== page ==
Francis Bacon said that a sick body is a prison. A healthy soul trapped inside an ailing shell of a body is the most personal kind of tragedy — no one can relate to that feeling unless they have experienced it themselves.
Watching The Diving Bell and the Butterfly might help one relate to it a bit more. The film tells the true story of Jean-Dominique Bauby, an editor for Elle magazine who is sent into a coma by an unexpected stroke. The film opens with Bauby waking up from the coma and discovering, to his horror, his complete inability to speak or even move. Bauby is fully aware of his surroundings, but his left eye is the only part of his body that will respond. A doctor tells Bauby that he has “locked-in syndrome,” an extremely rare condition that may or may not improve with time.
Director Julian Schnabel’s approach to the first act of the film is brilliant. Nearly every shot is from Bauby’s point of view, while a voiceover of Bauby’s thoughts is heard. This portion of the film is full of occluded lenses and jump cuts, allowing the viewer a strong sense of the disorientation Bauby must feel. This is no gimmick, however. The first-person camera work allows the audience to fully connect with the sense of claustrophobia that has overtaken Bauby. The foundation built in the opening act of the film allows the poignancy of what follows to really shine through, because the audience has truly become a part of Bauby’s situation.
Initially, Bauby is overcome with self-pity. Therapists begin to work with him to develop a method of communication, but Bauby feels no hope for any progress. Flashes of his former life are shown, and it becomes clear that he was a successful, vibrant man. No more, and it is almost more than Bauby can take.
About a third of the way into the film, however, Bauby makes the statement that he will no longer feel sorry for himself. The film is revolutionized from this point on, with the camera work moving from almost exclusively first-person to almost exclusively third-person. It’s one of many brilliant directorial choices made throughout the film.
Bauby, contracted with a publisher to write a novel, decides that he still wants to write the book. Utilizing a painstaking communication system based on the blink of his good eye, Bauby begins to write with a transcriber, one letter at a time. The film is based on the actual book written by the real Bauby during this time.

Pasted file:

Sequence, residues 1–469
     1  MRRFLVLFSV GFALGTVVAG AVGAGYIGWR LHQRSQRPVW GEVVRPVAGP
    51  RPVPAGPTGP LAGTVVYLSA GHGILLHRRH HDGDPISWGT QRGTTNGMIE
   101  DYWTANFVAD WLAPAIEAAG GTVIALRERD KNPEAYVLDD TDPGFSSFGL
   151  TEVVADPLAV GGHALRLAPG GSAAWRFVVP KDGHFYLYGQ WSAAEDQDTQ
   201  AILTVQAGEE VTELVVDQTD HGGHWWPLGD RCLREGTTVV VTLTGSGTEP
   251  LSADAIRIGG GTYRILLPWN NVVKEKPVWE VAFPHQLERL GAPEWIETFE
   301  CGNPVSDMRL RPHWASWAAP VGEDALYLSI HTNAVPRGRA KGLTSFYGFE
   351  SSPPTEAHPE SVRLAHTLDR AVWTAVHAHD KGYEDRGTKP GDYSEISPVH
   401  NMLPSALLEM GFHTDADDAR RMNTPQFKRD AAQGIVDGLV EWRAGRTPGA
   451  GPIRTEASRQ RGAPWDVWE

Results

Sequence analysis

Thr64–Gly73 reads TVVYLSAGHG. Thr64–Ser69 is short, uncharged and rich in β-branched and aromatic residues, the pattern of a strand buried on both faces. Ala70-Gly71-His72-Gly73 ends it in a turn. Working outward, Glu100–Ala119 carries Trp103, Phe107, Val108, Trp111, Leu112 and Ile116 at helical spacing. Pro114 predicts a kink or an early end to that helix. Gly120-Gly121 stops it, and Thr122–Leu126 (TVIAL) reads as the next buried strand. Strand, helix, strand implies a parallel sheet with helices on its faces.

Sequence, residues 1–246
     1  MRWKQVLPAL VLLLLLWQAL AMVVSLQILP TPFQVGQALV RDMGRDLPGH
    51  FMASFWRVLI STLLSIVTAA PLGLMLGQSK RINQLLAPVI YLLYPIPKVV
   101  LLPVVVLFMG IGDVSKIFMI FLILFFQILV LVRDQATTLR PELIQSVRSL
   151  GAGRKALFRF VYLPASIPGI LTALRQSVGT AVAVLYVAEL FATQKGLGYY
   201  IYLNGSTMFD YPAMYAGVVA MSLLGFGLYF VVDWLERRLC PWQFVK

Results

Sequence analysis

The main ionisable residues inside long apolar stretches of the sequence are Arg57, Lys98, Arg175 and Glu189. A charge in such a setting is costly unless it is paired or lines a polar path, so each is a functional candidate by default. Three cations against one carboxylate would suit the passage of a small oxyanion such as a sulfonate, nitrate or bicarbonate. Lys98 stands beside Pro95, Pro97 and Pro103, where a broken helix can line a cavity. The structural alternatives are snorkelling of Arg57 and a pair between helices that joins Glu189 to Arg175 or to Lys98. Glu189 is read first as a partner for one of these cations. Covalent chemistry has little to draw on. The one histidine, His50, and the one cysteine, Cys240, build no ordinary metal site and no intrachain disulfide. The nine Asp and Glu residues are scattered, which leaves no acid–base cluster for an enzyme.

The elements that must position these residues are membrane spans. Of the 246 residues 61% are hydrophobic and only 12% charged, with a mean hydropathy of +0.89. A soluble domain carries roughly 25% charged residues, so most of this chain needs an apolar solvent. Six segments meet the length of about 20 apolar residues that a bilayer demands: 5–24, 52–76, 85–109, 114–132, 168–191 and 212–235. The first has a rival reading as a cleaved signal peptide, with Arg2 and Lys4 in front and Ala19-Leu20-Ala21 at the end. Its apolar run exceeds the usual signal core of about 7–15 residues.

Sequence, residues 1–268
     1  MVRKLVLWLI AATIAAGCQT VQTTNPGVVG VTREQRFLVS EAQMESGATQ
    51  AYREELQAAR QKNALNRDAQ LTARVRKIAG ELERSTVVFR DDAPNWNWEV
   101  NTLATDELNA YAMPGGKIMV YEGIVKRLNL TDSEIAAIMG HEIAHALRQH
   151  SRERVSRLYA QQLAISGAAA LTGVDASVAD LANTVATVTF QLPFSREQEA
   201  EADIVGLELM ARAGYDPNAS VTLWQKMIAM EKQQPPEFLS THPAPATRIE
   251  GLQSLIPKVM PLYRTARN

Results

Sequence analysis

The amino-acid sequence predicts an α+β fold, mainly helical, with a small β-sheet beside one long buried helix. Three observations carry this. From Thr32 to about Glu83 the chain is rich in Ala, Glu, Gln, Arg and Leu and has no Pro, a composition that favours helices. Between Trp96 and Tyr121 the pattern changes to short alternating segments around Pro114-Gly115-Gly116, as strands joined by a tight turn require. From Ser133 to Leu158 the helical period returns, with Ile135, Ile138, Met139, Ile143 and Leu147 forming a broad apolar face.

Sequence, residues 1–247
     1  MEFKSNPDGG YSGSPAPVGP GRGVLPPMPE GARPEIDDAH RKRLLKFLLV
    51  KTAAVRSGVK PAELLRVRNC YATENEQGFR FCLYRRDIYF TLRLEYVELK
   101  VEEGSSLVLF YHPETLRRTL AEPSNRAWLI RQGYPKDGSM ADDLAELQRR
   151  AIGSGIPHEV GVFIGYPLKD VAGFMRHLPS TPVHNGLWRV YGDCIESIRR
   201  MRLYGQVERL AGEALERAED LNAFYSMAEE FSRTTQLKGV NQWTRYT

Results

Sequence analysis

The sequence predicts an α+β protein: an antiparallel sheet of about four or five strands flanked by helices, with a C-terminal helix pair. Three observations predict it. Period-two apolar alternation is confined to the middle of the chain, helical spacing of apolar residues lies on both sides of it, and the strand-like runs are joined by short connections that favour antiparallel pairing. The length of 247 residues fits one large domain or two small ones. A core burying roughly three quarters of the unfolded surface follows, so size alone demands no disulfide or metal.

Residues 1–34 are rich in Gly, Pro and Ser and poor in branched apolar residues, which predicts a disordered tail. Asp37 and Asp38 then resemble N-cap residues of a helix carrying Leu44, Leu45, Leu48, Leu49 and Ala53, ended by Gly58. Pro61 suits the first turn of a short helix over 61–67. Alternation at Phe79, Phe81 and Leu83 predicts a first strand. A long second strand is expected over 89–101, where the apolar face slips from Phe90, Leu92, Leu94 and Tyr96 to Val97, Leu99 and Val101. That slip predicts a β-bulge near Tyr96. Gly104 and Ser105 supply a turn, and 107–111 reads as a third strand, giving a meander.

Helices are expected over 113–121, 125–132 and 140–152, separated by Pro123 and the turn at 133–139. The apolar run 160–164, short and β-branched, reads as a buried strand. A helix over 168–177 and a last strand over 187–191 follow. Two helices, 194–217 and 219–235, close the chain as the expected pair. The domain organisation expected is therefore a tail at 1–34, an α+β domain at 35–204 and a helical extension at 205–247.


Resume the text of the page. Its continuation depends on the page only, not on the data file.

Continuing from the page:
As Bauby writes, an entire new world opens up to him. Despite being hopelessly confined in the natural world, he finds freedom through his words. Again and again, the cinematography captures the essence of Bauby’s experiences perfectly. This film is brilliantly shot the entire way through.
Strong supporting performances are found throughout the film, but none is more gripping than that of Max von Sydow as Bauby’s father. The veteran character actor only appears in two scenes, but he commands the screen in the most unassuming of ways. The emotional repercussions he feels as a result of his son’s condition are heart-wrenching and von Sydow is pitch perfect.
Ronald Harwood’s adaptation of Bauby’s memoir is undeniably powerful. It couldn’t have been an easy task to capture the thoughts of a man completely confined to his own interior and express it cinematically, but Harwood succeeds.
Julian Schnabel has completely outdone himself with this film. It’s hard to imagine anything that could have been done better. The Diving Bell and the Butterfly approaches perfection in filmmaking like no film in recent memory.
The Diving Bell and the Butterfly is an immensely satisfying film – visually, emotionally, and viscerally. It was hands down my favorite film of 2007, and a few months removed from the end of that year, I feel even more strongly about the brilliance of this film. It’s an absolute must see.
The DVD includes two featurettes: Submerged: The Making of The Diving Bell and the Butterfly and A Cinematic Vision. Also included are an audio commentary track with director Julian Schnabel and a segment from the Charlie Rose show with Schnabel.